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Inflation returns to 2% target for first time in nearly three years

19 Jun 2024 3 minute read
Photo Aaron Chown PA Images

Inflation has returned to the 2% target for the first time in almost three years in what comes at a critical time, just weeks before the nation heads to the polls.

The Office for National Statistics (ONS) said Consumer Prices Index (CPI) inflation fell to 2% in May, down from 2.3% in April.

It follows nearly three years of above-target inflation, with CPI last recorded at 2% in July 2021, before shooting higher amid the cost-of-living crisis.

The latest inflation figures mean that prices are still rising across the country, but at a much slower rate than in recent years when households and businesses were being squeezed during the peak of the cost crisis.

The data will be watched closely ahead of the Bank of England’s next interest rate decision on Thursday, but policymakers are widely expected to hold fire on any cuts until after the General Election on July 4.

It comes less than three weeks before polling day and as the political parties home in on economic pledges in their manifestos.

Chaos

The fall in inflation is likely to be seized on by Rishi Sunak’s Conservatives as a sign that their economic plan is working.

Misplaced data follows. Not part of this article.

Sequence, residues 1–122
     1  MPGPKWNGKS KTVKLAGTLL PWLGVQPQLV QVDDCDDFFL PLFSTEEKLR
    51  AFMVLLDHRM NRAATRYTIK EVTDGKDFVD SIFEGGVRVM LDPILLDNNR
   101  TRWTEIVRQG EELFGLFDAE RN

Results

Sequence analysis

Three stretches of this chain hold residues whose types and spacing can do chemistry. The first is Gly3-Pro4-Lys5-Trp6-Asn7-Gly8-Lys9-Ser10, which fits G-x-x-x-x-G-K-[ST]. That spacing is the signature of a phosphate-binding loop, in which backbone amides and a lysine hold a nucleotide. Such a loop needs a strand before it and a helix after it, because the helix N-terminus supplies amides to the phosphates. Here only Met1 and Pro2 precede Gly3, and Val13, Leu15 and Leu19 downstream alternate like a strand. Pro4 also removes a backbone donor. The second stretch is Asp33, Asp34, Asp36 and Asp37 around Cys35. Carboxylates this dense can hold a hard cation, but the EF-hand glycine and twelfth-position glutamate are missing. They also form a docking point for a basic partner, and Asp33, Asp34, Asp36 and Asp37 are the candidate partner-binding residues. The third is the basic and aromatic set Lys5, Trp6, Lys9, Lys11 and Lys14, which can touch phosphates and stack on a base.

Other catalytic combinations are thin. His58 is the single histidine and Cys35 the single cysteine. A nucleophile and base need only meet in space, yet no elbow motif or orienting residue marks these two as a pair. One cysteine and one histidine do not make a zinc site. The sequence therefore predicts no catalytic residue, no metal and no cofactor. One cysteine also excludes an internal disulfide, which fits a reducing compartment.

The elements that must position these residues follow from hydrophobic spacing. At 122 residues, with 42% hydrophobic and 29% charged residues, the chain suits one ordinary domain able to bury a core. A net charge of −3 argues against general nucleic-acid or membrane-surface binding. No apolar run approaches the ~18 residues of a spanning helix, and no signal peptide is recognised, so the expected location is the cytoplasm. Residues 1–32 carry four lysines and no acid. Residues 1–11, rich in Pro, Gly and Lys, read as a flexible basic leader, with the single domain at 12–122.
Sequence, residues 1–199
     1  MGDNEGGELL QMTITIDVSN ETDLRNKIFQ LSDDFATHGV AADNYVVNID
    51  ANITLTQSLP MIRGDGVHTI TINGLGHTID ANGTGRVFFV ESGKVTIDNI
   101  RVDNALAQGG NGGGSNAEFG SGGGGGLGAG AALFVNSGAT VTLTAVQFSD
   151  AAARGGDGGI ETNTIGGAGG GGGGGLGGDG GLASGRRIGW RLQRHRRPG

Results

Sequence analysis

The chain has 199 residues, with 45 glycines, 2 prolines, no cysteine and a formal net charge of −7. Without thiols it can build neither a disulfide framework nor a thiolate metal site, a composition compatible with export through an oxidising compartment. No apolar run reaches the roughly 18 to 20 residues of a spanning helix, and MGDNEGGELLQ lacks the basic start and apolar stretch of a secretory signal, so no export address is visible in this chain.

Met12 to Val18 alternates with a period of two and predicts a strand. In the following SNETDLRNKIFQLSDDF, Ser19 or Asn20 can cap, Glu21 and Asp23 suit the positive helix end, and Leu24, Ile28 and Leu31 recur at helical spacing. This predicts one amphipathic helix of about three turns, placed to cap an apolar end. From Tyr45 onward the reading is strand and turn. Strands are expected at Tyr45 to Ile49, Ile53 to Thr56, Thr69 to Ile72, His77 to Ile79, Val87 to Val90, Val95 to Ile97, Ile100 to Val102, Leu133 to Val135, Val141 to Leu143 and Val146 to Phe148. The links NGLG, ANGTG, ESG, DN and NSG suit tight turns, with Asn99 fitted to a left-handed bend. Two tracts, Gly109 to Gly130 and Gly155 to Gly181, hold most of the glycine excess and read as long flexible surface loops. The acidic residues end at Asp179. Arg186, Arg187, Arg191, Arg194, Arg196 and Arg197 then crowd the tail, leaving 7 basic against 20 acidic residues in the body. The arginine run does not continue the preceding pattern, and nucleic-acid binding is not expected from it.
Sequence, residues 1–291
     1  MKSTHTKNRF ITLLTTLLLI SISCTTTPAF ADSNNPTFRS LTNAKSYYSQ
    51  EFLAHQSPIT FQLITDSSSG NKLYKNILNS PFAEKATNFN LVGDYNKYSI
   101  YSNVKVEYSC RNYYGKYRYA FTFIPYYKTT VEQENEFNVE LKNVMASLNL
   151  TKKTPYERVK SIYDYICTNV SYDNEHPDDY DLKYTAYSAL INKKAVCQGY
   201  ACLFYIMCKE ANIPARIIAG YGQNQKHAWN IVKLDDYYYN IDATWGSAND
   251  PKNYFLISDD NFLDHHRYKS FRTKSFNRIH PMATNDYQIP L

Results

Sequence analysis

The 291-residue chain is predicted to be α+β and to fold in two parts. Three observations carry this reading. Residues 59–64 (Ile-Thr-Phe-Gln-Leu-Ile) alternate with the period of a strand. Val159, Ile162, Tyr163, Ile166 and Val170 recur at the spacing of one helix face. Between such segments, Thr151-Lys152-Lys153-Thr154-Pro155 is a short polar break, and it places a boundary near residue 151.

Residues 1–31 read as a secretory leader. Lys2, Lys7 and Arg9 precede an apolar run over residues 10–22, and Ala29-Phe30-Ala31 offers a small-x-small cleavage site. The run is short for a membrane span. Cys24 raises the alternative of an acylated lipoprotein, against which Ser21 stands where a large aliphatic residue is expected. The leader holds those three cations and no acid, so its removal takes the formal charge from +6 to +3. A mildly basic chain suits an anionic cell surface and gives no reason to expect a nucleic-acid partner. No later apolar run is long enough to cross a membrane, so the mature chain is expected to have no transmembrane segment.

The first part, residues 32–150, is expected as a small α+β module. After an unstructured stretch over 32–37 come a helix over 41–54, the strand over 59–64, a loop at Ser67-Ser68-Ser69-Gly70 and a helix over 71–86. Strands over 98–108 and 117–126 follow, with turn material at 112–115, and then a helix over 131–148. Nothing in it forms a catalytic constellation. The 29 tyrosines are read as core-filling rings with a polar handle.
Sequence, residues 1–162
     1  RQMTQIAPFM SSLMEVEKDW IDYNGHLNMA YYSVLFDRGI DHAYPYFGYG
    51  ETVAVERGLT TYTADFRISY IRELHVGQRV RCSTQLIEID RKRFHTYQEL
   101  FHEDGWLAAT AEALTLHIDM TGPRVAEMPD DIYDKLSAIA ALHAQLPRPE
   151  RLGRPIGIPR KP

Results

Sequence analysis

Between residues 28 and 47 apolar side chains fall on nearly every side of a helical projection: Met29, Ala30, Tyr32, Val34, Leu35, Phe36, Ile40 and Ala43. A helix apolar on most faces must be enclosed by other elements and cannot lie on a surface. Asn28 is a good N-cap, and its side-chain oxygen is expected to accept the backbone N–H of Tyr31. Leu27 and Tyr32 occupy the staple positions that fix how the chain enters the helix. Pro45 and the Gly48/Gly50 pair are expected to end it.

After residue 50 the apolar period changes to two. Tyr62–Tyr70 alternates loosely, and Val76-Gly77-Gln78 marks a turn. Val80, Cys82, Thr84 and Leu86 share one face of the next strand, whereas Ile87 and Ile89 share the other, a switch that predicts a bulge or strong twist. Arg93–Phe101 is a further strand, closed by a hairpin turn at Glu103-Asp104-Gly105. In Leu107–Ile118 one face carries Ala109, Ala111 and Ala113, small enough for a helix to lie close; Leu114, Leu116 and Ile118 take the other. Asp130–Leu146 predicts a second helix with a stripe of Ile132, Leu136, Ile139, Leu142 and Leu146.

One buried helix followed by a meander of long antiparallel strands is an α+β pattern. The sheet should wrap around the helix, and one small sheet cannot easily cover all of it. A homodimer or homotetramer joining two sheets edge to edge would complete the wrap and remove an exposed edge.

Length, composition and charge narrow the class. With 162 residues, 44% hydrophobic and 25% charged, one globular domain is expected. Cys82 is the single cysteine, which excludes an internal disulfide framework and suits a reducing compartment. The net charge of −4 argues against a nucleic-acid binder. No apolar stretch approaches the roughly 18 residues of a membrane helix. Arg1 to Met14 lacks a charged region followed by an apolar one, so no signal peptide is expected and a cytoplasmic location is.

But shadow chancellor Rachel Reeves said: “After 14 years of economic chaos under the Conservatives, working people are worse off.

“Prices have risen in the shops, mortgage bills are higher and taxes are at a 70-year high.”

Liberal Democrat Treasury spokeswoman Sarah Olney said: “The hard truth is that millions of people won’t be feeling any better off today.”

Experts said that, despite the milestone for inflation, there is still work to do in bringing down prices throughout the economy.

The Bank is keeping a watchful eye on inflation in the services sector, which fell from 5.9% to 5.7% in May, but still remains stubbornly high.

It is one of the factors that has been partly responsible for staying the Bank’s hand in bringing rates down from their 16-year high of 5.25%.

Jake Finney, economist at PwC, warned it is “not ‘job done’ yet”.

Rise

He said: “If prices continue to rise at the same month-on-month rate as they did this month (0.3%), then headline inflation will be back over the 2% target next month (at 2.1%).”

Suren Thiru, economics director at Institute of Chartered Accountants in England and Wales (ICAEW), said: “Despite this landmark fall in inflation, concerns over both underlying price pressures and changing policy in the run-up to a General Election means a June interest rate cut is almost certainly off the table.”

The ONS said food inflation fell back to 1.6% – the lowest since October 2021 – which was the biggest factor in pulling the overall level of CPI inflation lower.

At one stage food inflation reached nearly 20% – at 19.6% – in March last year, but has been steadily easing back since then.

However, last month saw prices rise at the petrol pumps, while air fares also lifted, according to the ONS.

The average price of petrol rose by 0.7p per litre between April and May to stand at 148.8p per litre.


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Linda Jones
Linda Jones
25 days ago

Yes but so much remains overly expensive from housing to food to transport. Making ends meet for the many is a nightmare.

Neil Anderson
Neil Anderson
25 days ago